The measures taken to curtail the spread of COVID-19 have been drastic, massive and immediate—and very necessary. Within a handful of days, our world has changed radically, and now many of us are far more worried and apprehensive than usual. As racing thoughts, pounding pulses and ever-present fear become our norm, attending to our anxiety is more critical than ever.
To start with, it’s helpful to understand why anxiety evolved in humans in the first place. Broadly, anxiety is a part of our survival instinct and serves as an internal alarm. Essentially, it’s our brain’s way of telling us to take protective measures before a potential threat turns into an immediate one.
The hazards of modern society are largely different from those of our early ancestors, yet our brain’s wiring hasn’t really changed. In our lives today, some anxiety remains normal and even healthy, although in moments of prolonged stress (when the brain doesn’t have the chance to recharge after “alert” mode) it can manifest in detrimental ways. If you’ve been unusually jumpy, agitated, moody, irritable or even lethargic lately, you’re not alone.
That said, constant angst is taxing: fatigue can set in, less-than-ideal behaviors can resurface, our thinking can become clouded. Although every single one of us has a right to worry during this global crisis, we can choose to cope with our anxiety in healthy ways. Here are six tips to help you.
Control What You Can, Let The Rest Go
When anxious, a common response is attempting to control our environment. In the COVID-19 crisis, we’re exerting control by buying extra supplies, disinfecting our homes and washing our hands as often as possible. Taking precautions is absolutely prudent, but with prolonged anxiety in the mix, it’s easy to slip into irrational behaviors without realizing it.
If you find yourself in the supermarket every two days with an overflowing cart, you’re likely panic-buying. It’s okay to stock up to meet your needs (and minimize trips to the store) but hoarding only fuels angst in the long term. It also deprives others of resources at a time when covering the basics is a primary concern for all of us.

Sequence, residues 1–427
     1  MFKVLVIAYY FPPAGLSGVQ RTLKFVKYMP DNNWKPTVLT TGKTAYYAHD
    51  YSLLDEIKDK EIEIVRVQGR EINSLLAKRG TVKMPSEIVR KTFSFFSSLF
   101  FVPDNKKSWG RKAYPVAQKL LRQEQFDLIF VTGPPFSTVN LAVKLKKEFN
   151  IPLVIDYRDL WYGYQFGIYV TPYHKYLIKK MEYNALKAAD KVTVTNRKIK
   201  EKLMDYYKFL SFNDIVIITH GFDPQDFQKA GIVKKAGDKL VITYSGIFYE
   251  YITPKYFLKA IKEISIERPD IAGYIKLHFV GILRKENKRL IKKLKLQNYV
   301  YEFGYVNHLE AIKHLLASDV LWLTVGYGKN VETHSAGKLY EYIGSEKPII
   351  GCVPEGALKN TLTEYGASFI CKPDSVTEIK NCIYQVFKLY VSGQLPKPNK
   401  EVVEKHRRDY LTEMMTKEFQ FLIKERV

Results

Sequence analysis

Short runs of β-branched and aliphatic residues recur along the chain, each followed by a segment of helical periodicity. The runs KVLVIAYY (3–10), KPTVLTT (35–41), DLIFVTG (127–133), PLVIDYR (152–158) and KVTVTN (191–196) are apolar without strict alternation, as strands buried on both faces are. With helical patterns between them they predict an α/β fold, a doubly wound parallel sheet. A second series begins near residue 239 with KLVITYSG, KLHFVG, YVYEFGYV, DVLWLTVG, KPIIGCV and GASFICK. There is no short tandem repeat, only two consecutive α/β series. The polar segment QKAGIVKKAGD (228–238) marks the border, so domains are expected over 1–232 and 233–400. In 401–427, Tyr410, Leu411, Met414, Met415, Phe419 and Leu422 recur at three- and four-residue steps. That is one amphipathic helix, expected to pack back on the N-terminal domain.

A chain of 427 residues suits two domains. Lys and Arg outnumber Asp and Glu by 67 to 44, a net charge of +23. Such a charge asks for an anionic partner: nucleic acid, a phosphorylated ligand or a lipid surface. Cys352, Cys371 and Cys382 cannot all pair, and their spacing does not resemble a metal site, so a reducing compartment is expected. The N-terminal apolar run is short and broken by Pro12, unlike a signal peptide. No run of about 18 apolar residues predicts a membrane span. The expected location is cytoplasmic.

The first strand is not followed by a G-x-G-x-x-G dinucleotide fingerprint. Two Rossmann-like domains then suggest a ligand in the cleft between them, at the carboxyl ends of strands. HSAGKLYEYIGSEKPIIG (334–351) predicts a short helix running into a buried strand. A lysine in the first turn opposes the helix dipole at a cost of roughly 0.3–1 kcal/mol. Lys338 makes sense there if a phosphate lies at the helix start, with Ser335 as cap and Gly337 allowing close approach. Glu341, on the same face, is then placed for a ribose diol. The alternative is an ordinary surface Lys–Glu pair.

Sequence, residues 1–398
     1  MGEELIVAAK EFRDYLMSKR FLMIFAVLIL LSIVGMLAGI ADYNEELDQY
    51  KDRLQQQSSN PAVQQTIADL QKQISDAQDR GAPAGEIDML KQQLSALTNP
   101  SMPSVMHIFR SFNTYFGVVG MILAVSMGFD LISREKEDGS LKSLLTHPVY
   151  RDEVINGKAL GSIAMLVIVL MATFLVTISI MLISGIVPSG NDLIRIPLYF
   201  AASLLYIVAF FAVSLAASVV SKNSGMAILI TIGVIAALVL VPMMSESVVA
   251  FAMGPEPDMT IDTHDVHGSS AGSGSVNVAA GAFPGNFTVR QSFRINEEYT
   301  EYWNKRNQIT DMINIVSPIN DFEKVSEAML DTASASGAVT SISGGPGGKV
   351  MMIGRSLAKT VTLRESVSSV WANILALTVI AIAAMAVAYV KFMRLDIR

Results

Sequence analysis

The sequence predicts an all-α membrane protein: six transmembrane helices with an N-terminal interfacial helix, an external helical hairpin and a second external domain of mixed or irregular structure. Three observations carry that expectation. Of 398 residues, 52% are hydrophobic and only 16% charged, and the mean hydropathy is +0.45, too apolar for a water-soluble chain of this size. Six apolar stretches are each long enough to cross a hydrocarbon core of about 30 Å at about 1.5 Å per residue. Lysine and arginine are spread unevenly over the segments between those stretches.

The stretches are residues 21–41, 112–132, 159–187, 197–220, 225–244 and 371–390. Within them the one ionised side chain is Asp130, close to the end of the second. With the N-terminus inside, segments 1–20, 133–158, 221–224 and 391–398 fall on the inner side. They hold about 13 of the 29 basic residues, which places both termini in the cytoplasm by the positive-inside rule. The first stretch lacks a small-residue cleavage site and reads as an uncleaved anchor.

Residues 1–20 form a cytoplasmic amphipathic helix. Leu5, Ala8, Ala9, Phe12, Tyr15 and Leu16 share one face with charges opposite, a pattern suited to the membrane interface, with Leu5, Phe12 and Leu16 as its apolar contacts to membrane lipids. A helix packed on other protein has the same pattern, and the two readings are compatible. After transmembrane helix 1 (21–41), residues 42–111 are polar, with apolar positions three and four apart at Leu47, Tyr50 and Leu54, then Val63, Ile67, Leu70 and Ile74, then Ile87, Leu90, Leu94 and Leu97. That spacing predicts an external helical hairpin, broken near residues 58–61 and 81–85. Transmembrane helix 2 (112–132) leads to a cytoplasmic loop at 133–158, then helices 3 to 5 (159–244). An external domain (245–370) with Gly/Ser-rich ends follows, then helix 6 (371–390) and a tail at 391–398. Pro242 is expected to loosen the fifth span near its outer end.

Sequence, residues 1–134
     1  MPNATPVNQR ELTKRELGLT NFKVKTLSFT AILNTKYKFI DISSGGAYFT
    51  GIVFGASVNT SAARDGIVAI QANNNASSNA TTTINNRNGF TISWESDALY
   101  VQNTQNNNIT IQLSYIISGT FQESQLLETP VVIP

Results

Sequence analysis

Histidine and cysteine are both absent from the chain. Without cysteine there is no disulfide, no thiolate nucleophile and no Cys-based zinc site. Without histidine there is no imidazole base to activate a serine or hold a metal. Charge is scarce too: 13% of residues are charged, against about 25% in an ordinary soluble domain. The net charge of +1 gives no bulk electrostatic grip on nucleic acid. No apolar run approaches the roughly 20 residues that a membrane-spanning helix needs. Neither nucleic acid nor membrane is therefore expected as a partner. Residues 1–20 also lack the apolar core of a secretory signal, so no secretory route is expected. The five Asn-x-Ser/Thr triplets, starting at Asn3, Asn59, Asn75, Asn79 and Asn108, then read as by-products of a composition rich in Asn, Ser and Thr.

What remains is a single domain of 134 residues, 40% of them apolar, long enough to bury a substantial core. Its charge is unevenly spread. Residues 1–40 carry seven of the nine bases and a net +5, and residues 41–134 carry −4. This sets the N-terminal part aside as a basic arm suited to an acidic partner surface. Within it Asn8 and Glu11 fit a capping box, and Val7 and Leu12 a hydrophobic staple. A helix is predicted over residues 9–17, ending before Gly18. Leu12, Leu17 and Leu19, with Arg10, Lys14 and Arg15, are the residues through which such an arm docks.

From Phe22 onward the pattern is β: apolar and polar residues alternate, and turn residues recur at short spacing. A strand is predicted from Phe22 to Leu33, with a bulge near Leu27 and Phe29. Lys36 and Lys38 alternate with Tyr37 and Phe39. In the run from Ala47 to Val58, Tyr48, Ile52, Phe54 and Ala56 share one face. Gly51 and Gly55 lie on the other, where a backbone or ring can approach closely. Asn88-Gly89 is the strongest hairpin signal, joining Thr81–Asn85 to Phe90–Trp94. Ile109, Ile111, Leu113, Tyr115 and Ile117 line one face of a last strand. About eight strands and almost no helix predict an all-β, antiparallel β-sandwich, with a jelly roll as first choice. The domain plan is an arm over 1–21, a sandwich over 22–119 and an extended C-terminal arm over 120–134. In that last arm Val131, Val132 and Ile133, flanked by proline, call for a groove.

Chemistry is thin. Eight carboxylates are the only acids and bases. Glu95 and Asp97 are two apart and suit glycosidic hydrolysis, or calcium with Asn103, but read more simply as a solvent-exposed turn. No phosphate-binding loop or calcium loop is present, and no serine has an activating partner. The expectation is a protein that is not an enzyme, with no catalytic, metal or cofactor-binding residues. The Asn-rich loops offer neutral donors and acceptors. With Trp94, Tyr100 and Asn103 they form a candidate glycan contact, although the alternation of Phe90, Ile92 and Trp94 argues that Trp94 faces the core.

Interestingly, anxiety abates the moment we introduce hard facts into our thinking. If you’re worried about running out of food, arm yourself with information. Plan out your meals for the week, calculate everything you’ll need to buy for your recipes, and take a pre-shopping inventory of your kitchen. Make a list of necessary items and bring it to the market. Whatever you do, do not buy twenty bags of dried lentils—you won’t eat them, and they’ll only go to waste.
Avert Anxiety Attacks Using Breath-Work
As anxiety grows, many of us find ourselves thinking catastrophically. Our mind dreams up worst-possible-outcome scenarios and—in the next instant—we feel panic consuming us.
If the room suddenly feels too small or you can’t seem to get enough air into your lungs, focus on a nearby object (a lamp, a book, an apple—whatever) and breathe into the present moment. You can’t control the world around you, but you can control your breathing, and breath-work is a remarkably powerful calming tool.
Let’s practice: take a deep, even, slow breath, inhaling through the nose for a count of three and exhaling through the mouth for a count of four. Say to yourself, “I am here, I am present, I am okay.” Do it again. My guess is that you feel a tad bit more relaxed already. Better, isn’t it?
Quell The Urge to Flee